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Art and science join together

Dr. Jean Kriezinger, professor emerita of the department of Biological and Environmental Sciences, has found the wall at the foot of the stairs in the lobby of the Science Building stark and empty since the building’s completion in 2005. She relayed her sentiments to a family member and an accomplished artist, and the magic began.

Dorothy Buley spent six months researching, conceiving and painting (in acrylics and mixed media) an abstract version of Menyanthes trifoliata, a water plant on canvas. Finally, on September 19, the large 48 by 60 inch painting was unveiled at a ceremony attended by family members, faculty and staff, many of whom work in the building and will benefit from the striking artistic installation for years to come. At the ceremony, WCSU President James Schmotter, Professor of Biological and Environmental Sciences Dr. Tom Philbrick, whom Buley consulted about the subject matter, and Buley discussed the importance of the recognition and creation of this piece.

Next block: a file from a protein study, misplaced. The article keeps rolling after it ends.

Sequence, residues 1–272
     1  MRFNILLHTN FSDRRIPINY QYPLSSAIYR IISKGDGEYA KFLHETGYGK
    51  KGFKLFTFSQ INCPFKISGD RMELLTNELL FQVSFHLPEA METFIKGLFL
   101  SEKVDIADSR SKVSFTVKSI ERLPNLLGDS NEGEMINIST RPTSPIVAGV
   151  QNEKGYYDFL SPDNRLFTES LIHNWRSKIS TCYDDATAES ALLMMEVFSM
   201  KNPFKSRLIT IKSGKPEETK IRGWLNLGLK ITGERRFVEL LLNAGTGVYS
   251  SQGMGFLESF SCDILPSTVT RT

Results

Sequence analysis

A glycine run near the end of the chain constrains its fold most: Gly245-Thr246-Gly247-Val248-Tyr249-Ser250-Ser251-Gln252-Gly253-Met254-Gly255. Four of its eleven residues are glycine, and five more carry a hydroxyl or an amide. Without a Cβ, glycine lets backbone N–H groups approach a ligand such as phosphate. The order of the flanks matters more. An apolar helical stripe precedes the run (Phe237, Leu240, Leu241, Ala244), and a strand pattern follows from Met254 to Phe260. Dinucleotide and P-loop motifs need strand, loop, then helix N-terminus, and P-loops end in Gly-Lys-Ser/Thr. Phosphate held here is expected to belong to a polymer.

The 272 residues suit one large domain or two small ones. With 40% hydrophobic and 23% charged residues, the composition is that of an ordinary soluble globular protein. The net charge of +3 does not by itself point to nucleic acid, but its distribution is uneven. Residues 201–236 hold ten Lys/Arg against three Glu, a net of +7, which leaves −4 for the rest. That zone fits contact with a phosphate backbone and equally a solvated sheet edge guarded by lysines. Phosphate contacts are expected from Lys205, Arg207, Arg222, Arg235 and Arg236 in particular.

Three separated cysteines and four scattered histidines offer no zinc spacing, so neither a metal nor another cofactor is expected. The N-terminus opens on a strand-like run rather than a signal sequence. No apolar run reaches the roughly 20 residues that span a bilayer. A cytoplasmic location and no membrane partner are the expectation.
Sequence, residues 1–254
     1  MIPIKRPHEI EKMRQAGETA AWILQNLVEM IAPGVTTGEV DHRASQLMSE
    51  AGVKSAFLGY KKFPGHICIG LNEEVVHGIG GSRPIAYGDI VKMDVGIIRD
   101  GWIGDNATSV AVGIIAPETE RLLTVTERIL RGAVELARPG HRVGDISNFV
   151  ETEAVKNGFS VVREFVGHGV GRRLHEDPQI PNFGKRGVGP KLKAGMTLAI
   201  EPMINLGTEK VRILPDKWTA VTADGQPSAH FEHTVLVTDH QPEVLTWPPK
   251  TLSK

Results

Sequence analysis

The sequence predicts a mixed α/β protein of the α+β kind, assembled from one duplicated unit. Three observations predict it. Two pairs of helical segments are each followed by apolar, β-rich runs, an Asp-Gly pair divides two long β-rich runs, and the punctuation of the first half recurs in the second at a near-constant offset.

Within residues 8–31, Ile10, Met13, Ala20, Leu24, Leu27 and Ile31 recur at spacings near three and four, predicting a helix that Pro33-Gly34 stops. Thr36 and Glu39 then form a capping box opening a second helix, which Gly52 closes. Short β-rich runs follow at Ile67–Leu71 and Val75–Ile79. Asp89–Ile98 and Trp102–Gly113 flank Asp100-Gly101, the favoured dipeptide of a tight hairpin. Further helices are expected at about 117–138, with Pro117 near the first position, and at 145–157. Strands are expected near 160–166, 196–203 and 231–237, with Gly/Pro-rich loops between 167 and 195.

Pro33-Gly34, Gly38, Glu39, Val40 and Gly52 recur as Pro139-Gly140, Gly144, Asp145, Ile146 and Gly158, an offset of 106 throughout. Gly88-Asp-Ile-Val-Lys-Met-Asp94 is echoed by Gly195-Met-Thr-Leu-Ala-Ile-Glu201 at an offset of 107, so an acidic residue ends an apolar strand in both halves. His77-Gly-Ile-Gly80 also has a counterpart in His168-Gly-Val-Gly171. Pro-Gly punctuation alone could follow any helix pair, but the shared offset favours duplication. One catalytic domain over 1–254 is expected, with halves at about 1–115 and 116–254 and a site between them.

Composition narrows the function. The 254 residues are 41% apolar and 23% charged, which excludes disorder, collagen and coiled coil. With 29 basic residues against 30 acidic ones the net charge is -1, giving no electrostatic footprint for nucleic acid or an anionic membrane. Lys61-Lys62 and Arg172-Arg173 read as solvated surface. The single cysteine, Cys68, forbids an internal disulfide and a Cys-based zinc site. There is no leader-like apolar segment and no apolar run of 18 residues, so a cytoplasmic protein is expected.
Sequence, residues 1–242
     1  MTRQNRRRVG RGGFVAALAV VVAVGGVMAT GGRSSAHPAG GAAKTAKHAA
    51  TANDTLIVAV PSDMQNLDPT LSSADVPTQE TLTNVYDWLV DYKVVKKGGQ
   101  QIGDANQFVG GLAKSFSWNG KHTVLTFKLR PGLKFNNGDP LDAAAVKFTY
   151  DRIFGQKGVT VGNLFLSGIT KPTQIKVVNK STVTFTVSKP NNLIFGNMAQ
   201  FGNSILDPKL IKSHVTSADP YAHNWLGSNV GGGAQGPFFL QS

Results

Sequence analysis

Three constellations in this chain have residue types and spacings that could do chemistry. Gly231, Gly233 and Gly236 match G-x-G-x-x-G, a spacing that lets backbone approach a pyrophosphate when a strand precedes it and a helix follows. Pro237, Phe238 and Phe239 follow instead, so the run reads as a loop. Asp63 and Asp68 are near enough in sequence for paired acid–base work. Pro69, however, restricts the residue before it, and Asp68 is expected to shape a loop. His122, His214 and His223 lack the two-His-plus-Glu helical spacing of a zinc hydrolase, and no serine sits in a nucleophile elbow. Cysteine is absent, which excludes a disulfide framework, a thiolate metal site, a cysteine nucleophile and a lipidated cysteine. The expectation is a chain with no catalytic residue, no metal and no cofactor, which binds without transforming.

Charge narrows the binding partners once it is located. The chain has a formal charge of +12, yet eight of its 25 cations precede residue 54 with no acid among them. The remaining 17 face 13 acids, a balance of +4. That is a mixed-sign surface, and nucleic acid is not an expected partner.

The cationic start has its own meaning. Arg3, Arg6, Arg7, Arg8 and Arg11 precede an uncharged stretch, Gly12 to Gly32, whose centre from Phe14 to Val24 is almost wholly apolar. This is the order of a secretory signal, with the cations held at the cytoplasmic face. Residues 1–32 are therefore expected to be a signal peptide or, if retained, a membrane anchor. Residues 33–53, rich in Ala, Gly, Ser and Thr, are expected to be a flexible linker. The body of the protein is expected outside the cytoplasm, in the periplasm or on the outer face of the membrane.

The lobby of the Science Building is the perfect location for the painting, with its white walls and crisp lights, which immediately draw the eyes onto the painting. The cerulean-blue, lime-green, a shadow of blacks and grays, white flower petals and sunshine-yellow reflections magnificently transport the viewers to the pond’s edge. In addressing the artist’s work, Dr. Kreizinger said “Buley infused her artistic ability with a profound amount of personal images that she photographed herself. Her sensibility was dead on and she was highly successful.”

Menyanthes trifoliata, a flowering plant also known as the bogbean or buckbean, has white inflorescent petals, which help to explain the warm lighting choice at the unveiling ceremony. Buley’s painting is abstract, yet it grasps reality in the balance through the pond setting. Each color stands out individually on the canvas, yet the colors work together in perfect harmony to create a resounding image. It is perfection created by Buley: the use of abstract imagery to capture the very essence of a plant.

Buley, Dr. Kreizinger and her daughter and son-in-law, Sarah and Dana Dolloff, generously contributed toward making this installation possible.

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